You’ve overanalyzed the stylish Mad Men season six promo photos and envied Joan’s dress and Peggy’s mod makeover. Tomorrow you’ll finally get to see what everyone’s wearing when the series returns to AMC. The new season takes place in the late 1960s (estimated to be 1968), and we’ve made a few fashion predictions based on the trailers and photos that have been teased up until now. See how the hemlines and hairstyles will look this season by flipping through our Mad Men fashion preview guide.
As bohemian fashions took over, animal prints became a popular choice for women. Stars like Brigitte Bardot wore them best.
Jackie Kennedy made the bouffant famous, and by the late ’60s, women largely wore it for glamorous occasions. Promo photos of Jessica Paré as Megan Draper show the actress donning a big, Priscilla Presley-style bouffant.
Culottes have always been considered a practical clothing item that allowed women to perform everyday tasks with modesty. By 1968, they became a fashionable hybrid between the popular pants suits of the time and the skirts that were dramatically changing length.
The men of Mad Men are dressed in their finest for the season six promo photos, sporting dinner jackets. Notch lapels gained popularity during this time. Casual elegance was paramount.
The fitted bodice and loose skirt (as seen here on Jessica Paré’s Megan Draper) saw a revival in the late ’60s as strictly corseted feminine fashions relaxed into the 1970s. This style evolved into a more youthful “fit and flare” silhouette, which was seen in dresses (Kiernan Shipka’s Sally Draper), coats, and suits.
Today, people wear flip-flops to business meetings, but they would have been worn exclusively to the beach or pool in 1968. We’ll probably spot a few when Don and Megan relax on the sand this season.
Styles were drastically changing, but gloves (long and short) were still a must-have for formal occasions.
The women’s lib movement made it clear that ladies were fully capable of doing everything men could do. This fed fashion, too. Women’s suits mirrored men’s styles more distinctly with Houndstooth patterns, which saw a resurgence in the late 1960s.
Iridescent Lips and Eyes
This Revlon ad from 1968 for an “un-lipstick” promoted bare, shiny lips. Nude, iridescent colors gave mouths and eyelids a dewy, youthful look.
Jester Blouses and Collars
There’s a sad, poetic irony in placing one of the series’ most miserable characters, Betty Francis (January Jones), in a jester collar, named after a “royal” figure that habitually acts like a fool.
Boots were already a popular footwear choice (for men and women) by 1968, and style icons like Jane Fonda made them a most-wanted item. She wore thigh-high boots in Barbarella that year. Sally Draper got a leg up on the fashion craze last season of Mad Men, and we expect to see the younger cast members wearing more round-toed boots (with chunky heels) in season six.
Long and Lean
Long, skinny, lean silhouettes were the go-to for men and women. Men’s suit jackets hit the hips — like the Nehru, which was a 1960’s minimalist staple that signified a growing interest in exotic cultures. The Beatles often wore them — and visited India that year.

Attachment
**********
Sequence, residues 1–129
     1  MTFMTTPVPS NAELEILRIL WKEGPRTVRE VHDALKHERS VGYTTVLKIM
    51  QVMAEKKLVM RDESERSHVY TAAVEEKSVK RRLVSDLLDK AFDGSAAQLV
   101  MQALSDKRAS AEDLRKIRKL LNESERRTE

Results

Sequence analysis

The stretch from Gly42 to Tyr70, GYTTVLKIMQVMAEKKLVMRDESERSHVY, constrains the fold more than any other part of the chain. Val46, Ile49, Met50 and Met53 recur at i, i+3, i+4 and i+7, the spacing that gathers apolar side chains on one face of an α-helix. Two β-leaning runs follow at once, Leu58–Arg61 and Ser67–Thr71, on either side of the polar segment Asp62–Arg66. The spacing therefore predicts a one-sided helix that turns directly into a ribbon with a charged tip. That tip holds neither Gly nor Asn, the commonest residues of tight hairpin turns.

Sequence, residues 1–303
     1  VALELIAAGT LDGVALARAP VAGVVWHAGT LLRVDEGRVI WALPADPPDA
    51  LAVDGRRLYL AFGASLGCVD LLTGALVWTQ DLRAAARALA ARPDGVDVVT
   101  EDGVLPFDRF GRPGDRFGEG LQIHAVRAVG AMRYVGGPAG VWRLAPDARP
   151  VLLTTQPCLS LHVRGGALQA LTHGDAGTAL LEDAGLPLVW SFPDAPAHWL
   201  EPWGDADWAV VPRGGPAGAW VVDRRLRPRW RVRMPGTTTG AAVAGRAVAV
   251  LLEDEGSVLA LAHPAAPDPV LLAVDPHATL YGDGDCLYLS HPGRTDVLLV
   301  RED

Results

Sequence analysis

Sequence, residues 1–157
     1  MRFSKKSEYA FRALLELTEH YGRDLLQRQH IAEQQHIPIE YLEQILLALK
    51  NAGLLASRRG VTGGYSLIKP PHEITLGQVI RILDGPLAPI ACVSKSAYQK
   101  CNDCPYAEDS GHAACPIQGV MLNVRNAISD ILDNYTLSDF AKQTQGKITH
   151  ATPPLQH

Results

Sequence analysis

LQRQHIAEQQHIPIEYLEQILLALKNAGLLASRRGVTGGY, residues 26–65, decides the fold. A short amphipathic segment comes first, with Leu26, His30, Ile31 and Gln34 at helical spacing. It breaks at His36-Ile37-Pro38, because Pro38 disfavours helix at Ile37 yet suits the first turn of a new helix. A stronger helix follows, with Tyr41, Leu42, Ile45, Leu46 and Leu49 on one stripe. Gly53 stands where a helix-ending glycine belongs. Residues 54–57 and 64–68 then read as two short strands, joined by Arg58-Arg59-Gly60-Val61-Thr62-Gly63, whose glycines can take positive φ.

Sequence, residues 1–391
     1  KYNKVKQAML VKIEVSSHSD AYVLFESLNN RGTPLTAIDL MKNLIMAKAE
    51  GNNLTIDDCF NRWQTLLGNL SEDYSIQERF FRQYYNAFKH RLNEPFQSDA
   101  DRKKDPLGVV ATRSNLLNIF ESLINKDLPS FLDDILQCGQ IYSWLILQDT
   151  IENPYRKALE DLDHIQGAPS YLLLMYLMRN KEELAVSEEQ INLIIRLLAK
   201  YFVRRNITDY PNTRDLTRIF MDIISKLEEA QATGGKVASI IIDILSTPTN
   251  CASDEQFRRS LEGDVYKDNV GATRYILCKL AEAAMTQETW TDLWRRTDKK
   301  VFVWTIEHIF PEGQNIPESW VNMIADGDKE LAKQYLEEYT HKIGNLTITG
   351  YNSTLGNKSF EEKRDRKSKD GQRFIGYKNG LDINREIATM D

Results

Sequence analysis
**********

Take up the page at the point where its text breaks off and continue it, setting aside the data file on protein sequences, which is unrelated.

Maxiskirts and Miniskirts
Maxiskirts arrived on scene in 1967, but the trend was never as popular as the miniskirt, which grew shorter and shorter. Colored tights and bare legs were the perfect accompaniment for the new hemline that was a symbol of liberation.
Outrageously bright colors welcomed the Space Age and psychedelic 1960s. If it wasn’t neon, metallic, or a wearable optical illusion, it wasn’t worth stepping into.
Ornament and Opulence
Joan’s curve-hugging dress with ornamental, embroidered touches conjures 1968 Elizabeth Taylor — attending the opening of Doctor Faustus — and the actress’ Cleopatra gowns from 1963. Taylor’s love of big, bold fashion dripping with diamonds makes her a fitting style icon for the empowered Joan (Christina Hendricks).
Peggy’s (Elisabeth Moss) hair isn’t a drastic pixie or pageboy cut, but the close-cropped style is reminiscent of women’s shorter hair lengths during the late ’60s that models like Twiggy and stars like Audrey Hepburn and Mia Farrow made famous.
We’ve already seen Betty at her frumpiest, and these quilted robes remind us of the kind of housewife wardrobe she’d wear for long afternoons of sulking.
Feminine styles from the 1930s returned during the late 1960s and ruffles decorated blouses, dresses, and jumpers for added softness.
We’ve seen Megan Draper rock a skinny scarf as a hair accessory before, but by 1968, women were wearing them as fashionable turbans and gypsy-style accessories — especially favored by hippies.
We expect to see fewer Sterling Cooper Draper Pryce employees buttoned up with ties this season.
Brigitte Bardot’s 1968 attire isn’t appropriate for the office, but transparent fabrics were a stylish wardrobe addition and matched the increasingly free-spirited time period.
Another piece of menswear that influenced female fashion was the vest. Younger women wore them long and flowing.
Wide-leg trousers were yet another look inspired by menswear. They also mimicked the fit and flare fashion of women’s dresses and were usually paired with wide belts for a tiny waist.
Drippy, gorgeous chandelier earrings required.
Everyone was cardigan crazed and wild about knitwear.
Zippered jumpsuits are never sexy, but the late ’60s didn’t discriminate when it came to garments you zipped.